I am sure all Members will welcome the fact that the arrangements are mutual. Will the Minister say whether comparable tests will be used in the UK and the US to authorise the requests? There is a list of judicial and prosecuting authorities in England, Wales and Northern Ireland. Will the Minister say whether there is comparability between the authorities in the UK that can make requests and those in the US? Finally, will the Minister say whether there are any other designations from other countries that we might consider shortly?
3.25 pm
John Reid: I am more or less prompted by the hon. Member for Bury St. Edmunds to contribute to the debate. He is not an unpleasant chap, but his contribution was slightly over-long and less than substantial in content. In particular, I do not understand how anyone on the Opposition Front Bench could speak about the order for almost half an hour without using the phrase “victims of crime”, which is what the order is about.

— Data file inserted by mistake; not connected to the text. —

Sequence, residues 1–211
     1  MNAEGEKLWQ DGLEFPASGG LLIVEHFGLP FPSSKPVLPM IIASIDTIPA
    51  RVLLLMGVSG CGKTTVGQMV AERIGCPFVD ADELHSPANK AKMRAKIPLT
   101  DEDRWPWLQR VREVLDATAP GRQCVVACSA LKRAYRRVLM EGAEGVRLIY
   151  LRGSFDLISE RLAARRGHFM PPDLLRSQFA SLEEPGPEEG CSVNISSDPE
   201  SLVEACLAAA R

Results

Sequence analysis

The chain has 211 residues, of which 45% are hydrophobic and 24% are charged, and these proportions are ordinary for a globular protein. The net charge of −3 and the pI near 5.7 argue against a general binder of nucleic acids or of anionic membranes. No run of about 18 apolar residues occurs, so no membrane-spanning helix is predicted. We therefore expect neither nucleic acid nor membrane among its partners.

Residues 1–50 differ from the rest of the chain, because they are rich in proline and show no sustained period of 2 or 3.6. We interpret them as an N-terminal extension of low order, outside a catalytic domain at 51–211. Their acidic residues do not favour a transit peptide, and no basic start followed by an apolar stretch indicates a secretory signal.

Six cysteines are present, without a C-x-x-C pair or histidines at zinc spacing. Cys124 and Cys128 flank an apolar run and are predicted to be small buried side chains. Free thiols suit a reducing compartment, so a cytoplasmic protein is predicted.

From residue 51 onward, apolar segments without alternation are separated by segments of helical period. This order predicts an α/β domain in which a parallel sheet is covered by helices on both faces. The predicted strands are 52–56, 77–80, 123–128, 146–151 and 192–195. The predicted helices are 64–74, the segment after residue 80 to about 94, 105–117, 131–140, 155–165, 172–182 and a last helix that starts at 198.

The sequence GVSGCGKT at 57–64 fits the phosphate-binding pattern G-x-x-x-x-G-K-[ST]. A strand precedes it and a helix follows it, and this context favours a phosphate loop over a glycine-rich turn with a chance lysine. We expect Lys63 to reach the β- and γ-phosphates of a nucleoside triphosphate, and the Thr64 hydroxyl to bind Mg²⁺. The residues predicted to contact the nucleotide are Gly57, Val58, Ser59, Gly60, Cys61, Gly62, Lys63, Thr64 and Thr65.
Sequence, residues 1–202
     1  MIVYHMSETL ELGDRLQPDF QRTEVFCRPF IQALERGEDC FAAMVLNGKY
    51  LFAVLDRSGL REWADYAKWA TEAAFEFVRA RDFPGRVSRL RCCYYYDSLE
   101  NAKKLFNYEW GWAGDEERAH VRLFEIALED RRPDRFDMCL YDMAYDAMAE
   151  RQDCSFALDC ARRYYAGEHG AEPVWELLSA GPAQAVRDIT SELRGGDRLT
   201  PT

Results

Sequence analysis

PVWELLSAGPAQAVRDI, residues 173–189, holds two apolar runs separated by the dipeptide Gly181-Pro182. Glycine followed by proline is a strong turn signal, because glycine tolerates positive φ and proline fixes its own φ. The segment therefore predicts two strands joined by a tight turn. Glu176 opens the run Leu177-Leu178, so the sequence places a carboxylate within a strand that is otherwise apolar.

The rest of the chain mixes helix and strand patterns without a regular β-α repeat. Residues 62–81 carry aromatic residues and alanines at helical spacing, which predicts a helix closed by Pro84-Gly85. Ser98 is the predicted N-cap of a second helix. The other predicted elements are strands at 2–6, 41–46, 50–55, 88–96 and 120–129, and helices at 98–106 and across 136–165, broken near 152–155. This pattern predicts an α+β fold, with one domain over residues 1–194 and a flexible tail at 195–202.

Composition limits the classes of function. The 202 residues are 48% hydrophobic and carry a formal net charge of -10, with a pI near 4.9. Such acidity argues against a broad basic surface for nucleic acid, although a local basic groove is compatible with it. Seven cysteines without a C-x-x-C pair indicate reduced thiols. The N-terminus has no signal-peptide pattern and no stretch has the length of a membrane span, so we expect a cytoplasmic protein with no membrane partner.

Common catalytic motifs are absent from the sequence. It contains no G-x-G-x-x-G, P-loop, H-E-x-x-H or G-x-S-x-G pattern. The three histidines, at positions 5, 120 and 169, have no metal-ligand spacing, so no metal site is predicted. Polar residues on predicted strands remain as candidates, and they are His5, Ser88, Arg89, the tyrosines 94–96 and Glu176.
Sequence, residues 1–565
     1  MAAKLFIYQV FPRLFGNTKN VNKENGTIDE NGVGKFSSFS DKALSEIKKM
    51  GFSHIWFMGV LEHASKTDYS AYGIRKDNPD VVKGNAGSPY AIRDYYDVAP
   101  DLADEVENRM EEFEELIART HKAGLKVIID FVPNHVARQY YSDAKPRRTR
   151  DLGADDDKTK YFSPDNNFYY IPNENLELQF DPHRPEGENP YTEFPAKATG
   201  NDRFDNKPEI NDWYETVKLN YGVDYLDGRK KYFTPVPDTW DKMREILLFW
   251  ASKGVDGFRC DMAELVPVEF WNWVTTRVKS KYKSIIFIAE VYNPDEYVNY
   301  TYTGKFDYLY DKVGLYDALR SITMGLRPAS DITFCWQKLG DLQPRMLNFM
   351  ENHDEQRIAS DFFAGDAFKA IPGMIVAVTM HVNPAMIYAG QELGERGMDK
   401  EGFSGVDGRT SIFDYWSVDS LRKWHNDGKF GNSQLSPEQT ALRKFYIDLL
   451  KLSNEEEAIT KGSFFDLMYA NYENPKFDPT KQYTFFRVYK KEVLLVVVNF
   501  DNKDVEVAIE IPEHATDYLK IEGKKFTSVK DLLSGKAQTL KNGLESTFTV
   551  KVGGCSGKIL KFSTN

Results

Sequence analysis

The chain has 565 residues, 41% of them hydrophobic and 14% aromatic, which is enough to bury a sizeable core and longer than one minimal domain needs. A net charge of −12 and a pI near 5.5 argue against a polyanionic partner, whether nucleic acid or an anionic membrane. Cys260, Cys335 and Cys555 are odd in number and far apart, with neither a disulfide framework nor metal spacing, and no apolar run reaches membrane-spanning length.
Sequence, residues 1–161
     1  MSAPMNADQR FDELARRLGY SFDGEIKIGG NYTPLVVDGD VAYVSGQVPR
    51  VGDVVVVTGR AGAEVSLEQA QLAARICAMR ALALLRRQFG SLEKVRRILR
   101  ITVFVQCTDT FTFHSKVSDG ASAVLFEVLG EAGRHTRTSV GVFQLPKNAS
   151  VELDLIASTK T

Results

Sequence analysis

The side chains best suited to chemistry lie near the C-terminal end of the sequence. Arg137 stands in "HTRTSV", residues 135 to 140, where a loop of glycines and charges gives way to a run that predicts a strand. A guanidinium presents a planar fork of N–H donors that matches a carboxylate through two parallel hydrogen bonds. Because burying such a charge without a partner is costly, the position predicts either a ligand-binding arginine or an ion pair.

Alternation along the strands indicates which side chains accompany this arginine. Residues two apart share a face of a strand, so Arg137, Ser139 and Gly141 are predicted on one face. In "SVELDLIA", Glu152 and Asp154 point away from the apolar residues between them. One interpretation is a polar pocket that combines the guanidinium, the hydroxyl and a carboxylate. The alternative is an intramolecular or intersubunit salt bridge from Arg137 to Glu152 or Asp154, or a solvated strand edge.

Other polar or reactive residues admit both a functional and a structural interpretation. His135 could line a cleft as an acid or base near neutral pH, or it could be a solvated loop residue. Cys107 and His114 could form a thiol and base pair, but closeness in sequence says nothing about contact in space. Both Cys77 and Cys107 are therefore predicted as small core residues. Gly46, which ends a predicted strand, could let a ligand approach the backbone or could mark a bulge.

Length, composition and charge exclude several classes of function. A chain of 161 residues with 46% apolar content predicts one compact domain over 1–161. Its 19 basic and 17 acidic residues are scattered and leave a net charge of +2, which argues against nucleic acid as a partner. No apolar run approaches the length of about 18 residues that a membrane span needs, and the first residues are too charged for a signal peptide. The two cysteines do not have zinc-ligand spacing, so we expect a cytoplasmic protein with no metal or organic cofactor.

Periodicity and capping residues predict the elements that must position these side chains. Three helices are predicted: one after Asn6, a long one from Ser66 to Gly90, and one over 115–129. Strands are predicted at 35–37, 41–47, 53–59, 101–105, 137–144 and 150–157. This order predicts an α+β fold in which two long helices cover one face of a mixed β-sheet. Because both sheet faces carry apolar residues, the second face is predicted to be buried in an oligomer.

The order seeks to ensure that our system is fair, and that citizens of the United Kingdom are protected from criminality in an age of huge mobility, when the movement of people around the world and international crime are heavier than ever before and when international terrorism is a concern. In the past fortnight we discovered that fraud among marketing managers appears to have risen by 40 per cent. in the recent past.